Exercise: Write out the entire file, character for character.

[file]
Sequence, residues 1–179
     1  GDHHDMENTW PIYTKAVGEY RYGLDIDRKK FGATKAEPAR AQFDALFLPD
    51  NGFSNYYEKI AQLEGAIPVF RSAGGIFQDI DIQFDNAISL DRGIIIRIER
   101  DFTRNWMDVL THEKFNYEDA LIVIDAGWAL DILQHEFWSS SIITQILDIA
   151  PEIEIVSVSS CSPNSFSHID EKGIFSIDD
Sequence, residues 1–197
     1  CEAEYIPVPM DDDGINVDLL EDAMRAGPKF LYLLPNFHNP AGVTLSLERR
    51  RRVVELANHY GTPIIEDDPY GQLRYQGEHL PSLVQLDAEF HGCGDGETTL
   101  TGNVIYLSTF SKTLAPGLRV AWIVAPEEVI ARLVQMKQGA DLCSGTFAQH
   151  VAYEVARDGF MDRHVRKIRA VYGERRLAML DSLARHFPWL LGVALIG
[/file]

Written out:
Sequence, residues 1–179
     1  GDHHDMENTW PIYTKAVGEY RYGLDIDRKK FGATKAEPAR AQFDALFLPD
    51  NGFSNYYEKI AQLEGAIPVF RSAGGIFQDI DIQFDNAISL DRGIIIRIER
   101  DFTRNWMDVL THEKFNYEDA LIVIDAGWAL DILQHEFWSS SIITQILDIA
   151  PEIEIVSVSS CSPNSFSHID EKGIFSIDD
Sequence, residues 1–197
     1  CEAEYIPVPM DDDGINVDLL EDAMRAGPKF LYLLPNFHNP AGVTLSLERR
    51  RRVVELANHY GTPIIEDDPY GQLRYQGEHL PSLVQLDAEF HGCGDGETTL
   101  TGNVIYLSTF SKTLAPGLRV AWIVAPEEVI ARLVQMKQGA DLCSGTFAQH
   151  VAYEVARDGF MDRHVRKIRA VYGERRLAML DSLARHFPWL LGVALIG